Tuesday, November 11, 2014

The languages they spoke

Going to Venice from Ravenna, there are no direct trains. We had our choice of having a layover in Ferrara, Rovigo or Padova (Padua). From the map outside the Ferrara train station, it didn't look like the Duomo and other sites were far away but then, there was no scale. Fortunately the sidewalks were smooth and flat for our rollerbags (some places had very rough cobblestones for pavement, not fun for the suitcases). The photos above are of the Duomo and the castle. I had read an article (while trying to make my decision on what city to visit)saying that Ferrara is just as lovely as Florence but without the crowds.

What I should have done before the trip was review my Italian. I have all sorts of CDs I could have been listening to on my car trips but no. I figured it would come back to me but at the first place I had to speak it, at that awful Milano Centrale, I drew a blank. Of course I was tired and upset. Then Carla, the wonderful hostess in our first place in Desenzano did not know even a word of English. She was puzzled that I came by myself. I tried to tell her 'mi espouso' was coming later. That's Spanish, maybe. She corrected me, 'mio marito'. But it gradually came back and I was able to speak like a toddler with her saying 'brava' everytime I could string two words correctly together I had forgotten the word for 'bat' (lots of bats flying at us as we sat on the balcony at night)'pippistrella'

My favorite new word for jelly fish 'medusa'.

Italy hasn't been a country for long, about 150 years. For many years after the fall of the Roman empire, it was a collection of city states usually at  war with each other, each speaking its own dialect of Latin. Educated people wrote in Latin until Dante wrote in the Florentine version of it 700 years ago. This became the basis of standard Italian and is what I learned. Most of the people spoke it in Abruzzo though the further south you go, the more pronounced the rolling 'r's are. The cook at the monastery spoke some Sardinian version which was hard to understand. Her husband, the bar owner, spoke very understandably. Although throughout history, the Venetian city state was usually much more dominant and had its own language, Florence won out for the language. But that didn't stop the Venetians from speaking their hard to understand (for me) dialect and their street signs are in Venetian dialect. And the surrounding cities such as Verona speak it too.
Standard Italian: Casa del vino
Venetian: Ca' da ven
English: House of wine

So the only place that they spoke the language as I learned it on the trip was Florence. I had to make a slew of complicated train arrangements in the Bologna train station. Did the ticket person speak English? No. So much for the traveler's tip that in big cities, you can find English. And she spoke some strange dialect. Due-ah instead of due-a for 2. Eventually I got my tickets.

Strangely, we came upon several groups of French tourists who wanted us to take their photos. And they asked this in French, which I still can understand after years of listening to my step-grandmother (who spoke Quebecois). And I was able to ask in French for them to take our picture. After they did, Steve said 'gratzi'. I reminded him that they were French. He then said 'mercy' mispronounced as in have mercy on us. How many years of French did he have? More than me..but he never practiced it.

One of the rarest languages in the world is 'Ladin' spoken only in remote villages of the Alto Adige made more rare because there is at least 4 forms of it. Efforts are being made to preserve it. We didn't visit these villages, we visited ones that spoke German. Alto Adige, known locally as the Sudtirol, had been part of  Austria for the past 600 years or so (and Northern Italy was part of the Hapsburg empire for at least 100 years if not more). Italy won the land in WW1  Hitler let Mussolini keep it (he tried to give Italian place names to all the cities). To keep the residents happy, the region has been allowed to keep its languages. How's my German? I had to learn how to translate scientific papers into English to get my chemistry degree so my vocabulary is very specialized and not much help speaking it. I should have brushed up on this too.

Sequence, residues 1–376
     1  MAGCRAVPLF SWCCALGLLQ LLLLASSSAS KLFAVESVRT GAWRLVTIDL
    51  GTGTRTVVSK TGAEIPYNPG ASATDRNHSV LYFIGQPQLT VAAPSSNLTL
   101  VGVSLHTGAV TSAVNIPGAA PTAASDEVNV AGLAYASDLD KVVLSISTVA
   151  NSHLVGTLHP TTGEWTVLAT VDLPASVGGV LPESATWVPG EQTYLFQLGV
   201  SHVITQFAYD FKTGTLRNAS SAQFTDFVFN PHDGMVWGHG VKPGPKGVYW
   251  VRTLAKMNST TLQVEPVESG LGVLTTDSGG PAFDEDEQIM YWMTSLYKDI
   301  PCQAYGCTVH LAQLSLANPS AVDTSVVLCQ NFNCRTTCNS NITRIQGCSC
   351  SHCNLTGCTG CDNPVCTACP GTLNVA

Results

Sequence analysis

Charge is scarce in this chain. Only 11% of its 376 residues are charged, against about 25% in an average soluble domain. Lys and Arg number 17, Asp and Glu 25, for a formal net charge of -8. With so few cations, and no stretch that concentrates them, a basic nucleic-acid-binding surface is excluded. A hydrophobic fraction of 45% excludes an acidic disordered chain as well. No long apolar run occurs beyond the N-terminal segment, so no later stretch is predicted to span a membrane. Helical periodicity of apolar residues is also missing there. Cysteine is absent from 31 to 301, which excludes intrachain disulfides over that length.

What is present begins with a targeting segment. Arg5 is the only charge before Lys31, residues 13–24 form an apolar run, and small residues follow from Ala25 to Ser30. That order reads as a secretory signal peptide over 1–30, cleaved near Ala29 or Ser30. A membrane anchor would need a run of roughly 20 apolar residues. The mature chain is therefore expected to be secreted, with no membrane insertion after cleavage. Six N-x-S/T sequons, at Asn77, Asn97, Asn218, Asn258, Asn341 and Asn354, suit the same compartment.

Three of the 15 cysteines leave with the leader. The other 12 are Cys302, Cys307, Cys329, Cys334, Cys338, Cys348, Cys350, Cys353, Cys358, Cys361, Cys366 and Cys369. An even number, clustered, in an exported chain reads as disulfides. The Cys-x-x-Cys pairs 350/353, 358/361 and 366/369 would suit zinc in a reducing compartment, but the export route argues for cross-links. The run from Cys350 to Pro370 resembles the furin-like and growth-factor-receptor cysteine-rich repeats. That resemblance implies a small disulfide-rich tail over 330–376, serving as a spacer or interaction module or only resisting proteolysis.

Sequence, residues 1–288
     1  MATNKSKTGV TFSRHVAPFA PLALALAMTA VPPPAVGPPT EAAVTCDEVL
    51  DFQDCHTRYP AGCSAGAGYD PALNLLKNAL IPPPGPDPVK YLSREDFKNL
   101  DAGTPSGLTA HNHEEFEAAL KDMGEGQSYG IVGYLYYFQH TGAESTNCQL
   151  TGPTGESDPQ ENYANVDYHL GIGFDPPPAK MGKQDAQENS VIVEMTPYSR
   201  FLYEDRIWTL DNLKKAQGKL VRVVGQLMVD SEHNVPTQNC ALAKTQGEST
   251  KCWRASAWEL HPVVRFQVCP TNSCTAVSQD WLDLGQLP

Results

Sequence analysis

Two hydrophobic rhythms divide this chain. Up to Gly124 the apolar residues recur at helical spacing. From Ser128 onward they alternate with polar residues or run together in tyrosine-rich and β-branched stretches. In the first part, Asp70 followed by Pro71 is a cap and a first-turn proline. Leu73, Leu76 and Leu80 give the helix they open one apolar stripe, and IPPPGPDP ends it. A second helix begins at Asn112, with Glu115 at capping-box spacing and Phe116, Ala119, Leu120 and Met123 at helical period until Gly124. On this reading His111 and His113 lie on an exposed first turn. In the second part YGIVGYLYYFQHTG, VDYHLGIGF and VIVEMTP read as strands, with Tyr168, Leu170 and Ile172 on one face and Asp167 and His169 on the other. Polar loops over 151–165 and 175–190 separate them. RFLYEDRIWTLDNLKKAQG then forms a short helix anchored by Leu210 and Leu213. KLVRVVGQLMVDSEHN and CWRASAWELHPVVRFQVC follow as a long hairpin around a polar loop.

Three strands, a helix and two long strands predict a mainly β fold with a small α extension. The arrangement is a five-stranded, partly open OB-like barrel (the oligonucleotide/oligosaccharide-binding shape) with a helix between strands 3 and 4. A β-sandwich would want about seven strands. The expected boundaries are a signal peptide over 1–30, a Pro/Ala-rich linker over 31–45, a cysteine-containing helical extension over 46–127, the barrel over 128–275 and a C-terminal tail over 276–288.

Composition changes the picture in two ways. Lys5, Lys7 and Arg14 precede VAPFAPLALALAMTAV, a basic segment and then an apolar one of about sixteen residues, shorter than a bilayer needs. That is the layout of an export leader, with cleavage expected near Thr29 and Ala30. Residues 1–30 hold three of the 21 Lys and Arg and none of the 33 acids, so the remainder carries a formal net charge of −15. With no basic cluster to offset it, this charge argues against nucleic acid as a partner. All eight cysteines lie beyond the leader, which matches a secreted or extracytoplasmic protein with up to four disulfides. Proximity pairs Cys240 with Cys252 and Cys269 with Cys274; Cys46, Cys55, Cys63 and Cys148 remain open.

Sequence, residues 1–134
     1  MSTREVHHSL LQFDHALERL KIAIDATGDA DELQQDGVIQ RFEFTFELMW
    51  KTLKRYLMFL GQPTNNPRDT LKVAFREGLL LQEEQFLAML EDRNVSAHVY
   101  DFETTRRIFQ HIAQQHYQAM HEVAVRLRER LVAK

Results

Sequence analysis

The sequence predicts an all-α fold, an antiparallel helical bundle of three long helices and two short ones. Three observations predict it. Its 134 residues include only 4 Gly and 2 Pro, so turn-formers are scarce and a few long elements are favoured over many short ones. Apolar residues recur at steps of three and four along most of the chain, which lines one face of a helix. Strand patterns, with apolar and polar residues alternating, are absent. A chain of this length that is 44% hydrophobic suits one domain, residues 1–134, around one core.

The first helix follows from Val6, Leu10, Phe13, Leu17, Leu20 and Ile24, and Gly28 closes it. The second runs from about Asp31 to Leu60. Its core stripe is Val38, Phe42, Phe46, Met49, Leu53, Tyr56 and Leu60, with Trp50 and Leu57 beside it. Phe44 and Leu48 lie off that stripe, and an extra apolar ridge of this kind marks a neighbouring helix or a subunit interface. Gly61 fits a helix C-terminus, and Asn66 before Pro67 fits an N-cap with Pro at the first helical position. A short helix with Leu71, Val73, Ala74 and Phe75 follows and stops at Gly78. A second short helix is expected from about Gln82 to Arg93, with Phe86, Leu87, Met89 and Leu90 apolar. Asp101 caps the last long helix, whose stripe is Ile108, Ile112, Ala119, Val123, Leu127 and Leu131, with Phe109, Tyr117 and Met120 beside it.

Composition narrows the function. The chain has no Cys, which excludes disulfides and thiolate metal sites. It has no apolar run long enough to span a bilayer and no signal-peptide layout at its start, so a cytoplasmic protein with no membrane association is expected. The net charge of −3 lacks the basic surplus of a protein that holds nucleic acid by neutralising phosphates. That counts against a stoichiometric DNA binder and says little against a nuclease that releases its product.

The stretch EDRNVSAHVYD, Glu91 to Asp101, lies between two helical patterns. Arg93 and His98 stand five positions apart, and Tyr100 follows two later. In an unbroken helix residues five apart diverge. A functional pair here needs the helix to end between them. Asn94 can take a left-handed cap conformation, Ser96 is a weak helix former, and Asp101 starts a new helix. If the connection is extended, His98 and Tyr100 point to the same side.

trilingual road sign in the Sudtirol. Top:Ladin, Middle: German Bottom: Italian

Another confusing thing is that 'Ladin or Ladino" describes two completely different sets of languages. What they have in common is only that they are Latin based. The former is the Italian-like but different dialects spoken in remote mountain villages in NE Italy but the latter is the Spanish based language of the Sephardic Jews. Previous to the expulsion of the Moors and Jews and the Inquisition (thank you Queen Isabella and the Catholic church), many Jews spoke a version of Spanish and some still do..another dying language. The Ashkenazi Jews (of which most American Jews derive from including my husband) came from Germanic areas and thus Yiddish is German based. Are their more Yiddish speakers than Ladino speakers? Both are becoming rarer. The official language of Israel is Hebrew. Steve's parents could speak Yiddish but Steve only knows a few phrases.
One last day of relative warmness until some crappy winter weather comes in. I was able to run then bike between baby sitting and a dentist visit (good report there).

Update: Good news for local spritzi drinkers...Steve found a local source for Aperol. Three times as expensive as Italy but if you include airfare.....

1 comment:

Elephant's Child said...

We are fortunate that some things (food and beauty for example) cross the language barriers aren't we?
And when I think of the misunderstandings that arise from people speaking in my own language, I am amazed at how we ever manage in one that is foreign to us. Good will traversing boundaries?


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